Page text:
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Title: Water technology for drinking water in difficult circumstances
Authors: Chua, Wee Siang.
Keywords: DRNTU::Engineering::Environmental engineering::Water treatment
DRNTU::Engineering::Environmental engineering::Water supply
Issue Date: 2013
Abstract: In emergencies, relief agencies often use surface water as water sources for treatment and subsequent supply to internally displaced people or refugees. Producing drinking water from surface water is often very difficult due to disruption of the infrastructure and public services. Gravity driven ultrafiltration uses the principle of gravity to provide sufficient pressure to drive the feed water through the membrane. When dead-end filtration is operated without any backwashing or chemical cleaning, permeate flux stabilised after one week of operation and remained constant for a period of one month. Lake water in Nanyang Technological University was used as feed water and stable permeate flux values were in the range of 4.8 – 6.1 Lh-1m-2. 4 flatsheet membranes of different material types were tested for this purpose and polyvinylidene fluoride membrane was found to produce the highest permeate flux. To ensure that the supply of such water to the affected people remains suitable for consumption and usage, membrane integrity sensors were introduced and a pilot study was run to determine the viability of incorporating this technology into the system.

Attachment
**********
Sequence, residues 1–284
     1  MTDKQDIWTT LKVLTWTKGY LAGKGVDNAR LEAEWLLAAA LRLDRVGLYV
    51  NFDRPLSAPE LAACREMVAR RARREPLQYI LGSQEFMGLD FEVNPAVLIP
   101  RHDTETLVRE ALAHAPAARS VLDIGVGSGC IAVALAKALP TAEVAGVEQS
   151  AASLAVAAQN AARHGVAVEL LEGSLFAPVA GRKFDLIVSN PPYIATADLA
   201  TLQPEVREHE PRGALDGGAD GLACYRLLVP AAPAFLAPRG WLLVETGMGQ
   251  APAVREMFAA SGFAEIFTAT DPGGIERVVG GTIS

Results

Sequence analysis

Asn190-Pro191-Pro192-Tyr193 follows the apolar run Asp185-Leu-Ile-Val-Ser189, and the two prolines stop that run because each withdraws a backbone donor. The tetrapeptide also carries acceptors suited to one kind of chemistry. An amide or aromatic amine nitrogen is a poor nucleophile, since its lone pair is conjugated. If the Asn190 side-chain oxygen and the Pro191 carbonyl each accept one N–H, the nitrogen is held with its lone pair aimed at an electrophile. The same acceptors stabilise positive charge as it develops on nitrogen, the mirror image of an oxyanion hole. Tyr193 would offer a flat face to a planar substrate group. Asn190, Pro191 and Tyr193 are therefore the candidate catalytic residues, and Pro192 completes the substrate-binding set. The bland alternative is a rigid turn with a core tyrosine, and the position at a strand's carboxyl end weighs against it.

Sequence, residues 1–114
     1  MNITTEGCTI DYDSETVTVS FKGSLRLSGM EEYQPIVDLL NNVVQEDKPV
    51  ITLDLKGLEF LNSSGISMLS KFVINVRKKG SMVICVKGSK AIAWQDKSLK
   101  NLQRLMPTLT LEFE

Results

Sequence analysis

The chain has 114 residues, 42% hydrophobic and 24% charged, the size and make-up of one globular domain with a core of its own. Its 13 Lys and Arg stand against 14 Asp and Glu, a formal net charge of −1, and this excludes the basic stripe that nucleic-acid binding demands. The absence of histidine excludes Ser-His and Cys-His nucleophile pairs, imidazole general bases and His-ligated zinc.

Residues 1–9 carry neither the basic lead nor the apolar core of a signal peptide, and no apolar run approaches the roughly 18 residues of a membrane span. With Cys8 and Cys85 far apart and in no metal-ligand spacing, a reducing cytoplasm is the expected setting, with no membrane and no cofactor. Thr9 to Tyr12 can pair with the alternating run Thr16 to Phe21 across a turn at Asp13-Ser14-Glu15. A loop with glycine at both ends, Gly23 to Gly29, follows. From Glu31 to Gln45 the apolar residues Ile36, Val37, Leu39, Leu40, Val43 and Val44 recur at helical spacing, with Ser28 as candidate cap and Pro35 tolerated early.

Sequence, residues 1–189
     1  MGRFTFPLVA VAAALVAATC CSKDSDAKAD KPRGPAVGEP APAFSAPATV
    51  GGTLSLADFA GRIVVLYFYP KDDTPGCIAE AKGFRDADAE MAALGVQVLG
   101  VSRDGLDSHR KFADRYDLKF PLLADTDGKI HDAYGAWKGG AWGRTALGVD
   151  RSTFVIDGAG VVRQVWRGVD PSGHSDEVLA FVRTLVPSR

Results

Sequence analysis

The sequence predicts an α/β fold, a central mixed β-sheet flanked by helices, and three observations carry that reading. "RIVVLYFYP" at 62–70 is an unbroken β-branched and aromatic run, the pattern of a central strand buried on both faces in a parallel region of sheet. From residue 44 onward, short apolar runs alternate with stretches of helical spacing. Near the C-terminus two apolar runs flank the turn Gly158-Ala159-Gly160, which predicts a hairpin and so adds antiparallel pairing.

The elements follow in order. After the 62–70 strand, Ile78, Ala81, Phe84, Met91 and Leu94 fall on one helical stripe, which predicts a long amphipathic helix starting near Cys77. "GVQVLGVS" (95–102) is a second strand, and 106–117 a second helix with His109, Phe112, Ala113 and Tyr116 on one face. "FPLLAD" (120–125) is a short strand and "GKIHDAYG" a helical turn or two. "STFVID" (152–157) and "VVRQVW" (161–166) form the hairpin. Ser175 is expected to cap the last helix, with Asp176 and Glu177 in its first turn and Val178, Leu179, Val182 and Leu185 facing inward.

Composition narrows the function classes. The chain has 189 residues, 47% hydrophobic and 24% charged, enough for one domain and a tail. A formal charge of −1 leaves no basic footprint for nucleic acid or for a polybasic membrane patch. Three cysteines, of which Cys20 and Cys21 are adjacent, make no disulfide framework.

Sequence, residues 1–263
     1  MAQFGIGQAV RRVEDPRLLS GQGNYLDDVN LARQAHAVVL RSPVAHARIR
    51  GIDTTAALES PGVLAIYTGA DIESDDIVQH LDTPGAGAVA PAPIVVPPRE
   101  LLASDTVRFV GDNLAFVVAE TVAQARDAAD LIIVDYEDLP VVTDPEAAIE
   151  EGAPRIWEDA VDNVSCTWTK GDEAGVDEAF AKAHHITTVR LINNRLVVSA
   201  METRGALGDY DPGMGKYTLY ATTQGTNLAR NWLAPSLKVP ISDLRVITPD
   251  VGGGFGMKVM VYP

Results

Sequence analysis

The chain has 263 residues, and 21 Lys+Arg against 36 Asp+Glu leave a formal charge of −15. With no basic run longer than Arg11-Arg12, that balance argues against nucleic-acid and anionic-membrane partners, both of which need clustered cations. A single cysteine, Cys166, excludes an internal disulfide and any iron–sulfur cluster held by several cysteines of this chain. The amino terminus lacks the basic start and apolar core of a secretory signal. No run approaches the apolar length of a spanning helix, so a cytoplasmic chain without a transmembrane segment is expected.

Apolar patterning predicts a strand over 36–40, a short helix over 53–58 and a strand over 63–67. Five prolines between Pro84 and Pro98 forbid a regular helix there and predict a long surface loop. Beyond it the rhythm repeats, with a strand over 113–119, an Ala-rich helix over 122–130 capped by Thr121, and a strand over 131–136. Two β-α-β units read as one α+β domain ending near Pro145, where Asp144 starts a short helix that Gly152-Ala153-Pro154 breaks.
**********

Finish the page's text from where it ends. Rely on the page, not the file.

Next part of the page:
Schools: School of Civil and Environmental Engineering 
Organisations: Membrane Instruments and Technology Pte Ltd
Research Centres: Singapore Membrane Technology Centre 
Rights: Nanyang Technological University
Fulltext Permission: restricted
Fulltext Availability: With Fulltext
Appears in Collections:CEE Student Reports (FYP/IA/PA/PI)

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